Hana Mandlikova was an enthusiastic member of the Sparta tennis club in Prague at 12 years old. She acted as ball girl when the ladies played league matches, and there was one young woman whose explosive style of play she admired more than anyone else’s. But Mandlikova was shy, and couldn’t bring herself to speak to her.
Eleven years later Mandlikova defeated her hometown hero, Martina Navratilova, in the 1985 US Open final, when the latter was at the peak of her powers. Their match-ups were too few to earn the kind of rivalry immortalised by history. Mandlikova’s Martina moments were squeezed in between Navratilova’s famed decade-long tug-of-war with Chris Evert and the old-timer-newcomer smackdown with Steffi Graf. And yet for a couple of years in the mid-80s, Mandlikova spurred her idol to some extraordinary displays.
There was a spectacular semi-final in the 1985 Virginia Slims Championships – where Mandlikova’s ability to stand up to her former countrywoman’s powerful serve sparked fireworks – and a four-set showcase of Navratilova’s shotmaking in the same tournament the following year. Three months later, they met in the 1986 Wimbledon final.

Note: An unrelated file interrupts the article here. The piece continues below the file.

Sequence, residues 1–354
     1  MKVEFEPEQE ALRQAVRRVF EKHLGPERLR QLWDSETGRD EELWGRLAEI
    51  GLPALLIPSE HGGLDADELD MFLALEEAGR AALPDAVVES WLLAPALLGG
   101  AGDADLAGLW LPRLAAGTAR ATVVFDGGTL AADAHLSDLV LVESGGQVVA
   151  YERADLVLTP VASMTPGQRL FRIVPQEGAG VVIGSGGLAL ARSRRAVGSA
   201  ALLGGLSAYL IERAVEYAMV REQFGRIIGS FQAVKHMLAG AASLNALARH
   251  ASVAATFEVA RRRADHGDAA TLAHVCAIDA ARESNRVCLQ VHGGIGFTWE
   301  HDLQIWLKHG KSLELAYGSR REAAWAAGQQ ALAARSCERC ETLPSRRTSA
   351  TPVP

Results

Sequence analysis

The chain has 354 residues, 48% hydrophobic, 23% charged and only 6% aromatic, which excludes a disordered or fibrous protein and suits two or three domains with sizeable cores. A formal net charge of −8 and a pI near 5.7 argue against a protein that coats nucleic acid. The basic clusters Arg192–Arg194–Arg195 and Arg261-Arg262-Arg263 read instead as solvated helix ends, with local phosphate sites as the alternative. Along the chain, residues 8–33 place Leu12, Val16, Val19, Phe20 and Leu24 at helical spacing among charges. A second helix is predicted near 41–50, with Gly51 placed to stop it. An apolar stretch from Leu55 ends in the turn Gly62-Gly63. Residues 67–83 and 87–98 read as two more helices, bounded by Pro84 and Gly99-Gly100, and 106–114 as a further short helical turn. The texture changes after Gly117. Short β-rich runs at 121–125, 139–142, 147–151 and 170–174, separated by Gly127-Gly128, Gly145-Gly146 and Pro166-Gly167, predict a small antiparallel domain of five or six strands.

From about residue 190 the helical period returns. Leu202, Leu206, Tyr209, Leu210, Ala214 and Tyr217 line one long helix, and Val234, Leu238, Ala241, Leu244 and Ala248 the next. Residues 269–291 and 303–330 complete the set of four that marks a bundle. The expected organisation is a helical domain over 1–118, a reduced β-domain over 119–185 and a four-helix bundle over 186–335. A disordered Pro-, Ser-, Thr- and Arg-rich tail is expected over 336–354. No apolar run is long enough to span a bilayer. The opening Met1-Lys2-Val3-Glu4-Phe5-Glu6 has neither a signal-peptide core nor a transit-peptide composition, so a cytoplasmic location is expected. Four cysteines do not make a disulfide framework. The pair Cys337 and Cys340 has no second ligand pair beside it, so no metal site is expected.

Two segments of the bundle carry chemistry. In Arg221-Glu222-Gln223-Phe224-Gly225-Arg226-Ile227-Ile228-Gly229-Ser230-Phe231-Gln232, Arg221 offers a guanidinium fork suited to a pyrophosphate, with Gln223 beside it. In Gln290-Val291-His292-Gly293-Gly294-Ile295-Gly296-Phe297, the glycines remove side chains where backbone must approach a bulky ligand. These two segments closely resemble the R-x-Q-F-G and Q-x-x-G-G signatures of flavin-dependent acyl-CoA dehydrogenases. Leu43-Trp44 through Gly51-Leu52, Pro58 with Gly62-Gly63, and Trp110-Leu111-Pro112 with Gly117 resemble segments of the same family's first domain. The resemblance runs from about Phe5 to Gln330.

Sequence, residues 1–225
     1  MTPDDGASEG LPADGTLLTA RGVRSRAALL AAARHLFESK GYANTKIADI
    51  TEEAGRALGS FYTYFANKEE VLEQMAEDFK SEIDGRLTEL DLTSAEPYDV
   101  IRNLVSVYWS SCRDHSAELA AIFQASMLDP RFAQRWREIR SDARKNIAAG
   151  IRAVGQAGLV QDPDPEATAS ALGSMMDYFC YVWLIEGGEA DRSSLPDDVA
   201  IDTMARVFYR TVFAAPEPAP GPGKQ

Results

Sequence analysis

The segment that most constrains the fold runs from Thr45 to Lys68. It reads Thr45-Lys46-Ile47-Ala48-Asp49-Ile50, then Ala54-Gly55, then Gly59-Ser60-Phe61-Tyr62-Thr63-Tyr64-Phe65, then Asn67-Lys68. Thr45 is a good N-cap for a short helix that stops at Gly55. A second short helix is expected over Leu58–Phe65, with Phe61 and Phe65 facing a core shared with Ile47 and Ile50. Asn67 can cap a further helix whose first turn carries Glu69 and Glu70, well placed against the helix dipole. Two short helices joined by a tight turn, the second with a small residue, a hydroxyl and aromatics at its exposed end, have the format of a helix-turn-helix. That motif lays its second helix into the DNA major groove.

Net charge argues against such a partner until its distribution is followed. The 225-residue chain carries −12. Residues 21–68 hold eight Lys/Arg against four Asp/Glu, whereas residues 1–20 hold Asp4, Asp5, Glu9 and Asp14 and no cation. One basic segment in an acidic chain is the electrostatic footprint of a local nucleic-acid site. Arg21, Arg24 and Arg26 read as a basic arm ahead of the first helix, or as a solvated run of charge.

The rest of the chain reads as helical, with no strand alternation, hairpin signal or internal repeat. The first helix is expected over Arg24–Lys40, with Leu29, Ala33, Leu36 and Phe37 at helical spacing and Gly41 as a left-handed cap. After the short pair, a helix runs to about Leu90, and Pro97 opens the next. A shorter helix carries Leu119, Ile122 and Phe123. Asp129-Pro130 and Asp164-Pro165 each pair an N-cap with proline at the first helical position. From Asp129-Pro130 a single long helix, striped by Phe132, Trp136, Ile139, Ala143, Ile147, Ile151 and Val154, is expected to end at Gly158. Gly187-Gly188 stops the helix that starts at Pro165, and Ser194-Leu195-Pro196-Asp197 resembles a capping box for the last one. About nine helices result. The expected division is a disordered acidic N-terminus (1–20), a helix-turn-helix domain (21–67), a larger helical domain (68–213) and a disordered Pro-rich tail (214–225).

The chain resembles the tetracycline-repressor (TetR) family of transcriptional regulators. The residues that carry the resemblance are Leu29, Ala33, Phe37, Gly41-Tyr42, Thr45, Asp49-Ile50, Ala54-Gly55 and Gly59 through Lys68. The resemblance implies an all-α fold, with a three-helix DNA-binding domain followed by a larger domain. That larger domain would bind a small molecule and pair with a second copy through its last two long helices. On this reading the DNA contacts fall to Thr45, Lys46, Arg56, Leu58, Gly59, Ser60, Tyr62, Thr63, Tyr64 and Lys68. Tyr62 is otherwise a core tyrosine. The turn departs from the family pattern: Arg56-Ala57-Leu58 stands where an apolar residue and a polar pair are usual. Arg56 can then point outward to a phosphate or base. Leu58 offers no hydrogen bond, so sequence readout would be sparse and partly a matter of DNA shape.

Navratilova practically held the lease on Centre Court. She had won six singles titles, the previous four of them in a row. The seven doubles titles were mere window dressing. But Mandlikova broke her first service game, and was 5-2 up at the ball change, Navratilova biting a lip as she walked back to her seat. In the next game, when her opponent hit a backhand return down the line, Navratilova kissed her fingers in appreciation. And then – as if enough was enough – the world No 1 started raining down serves like Jove hurling lightning.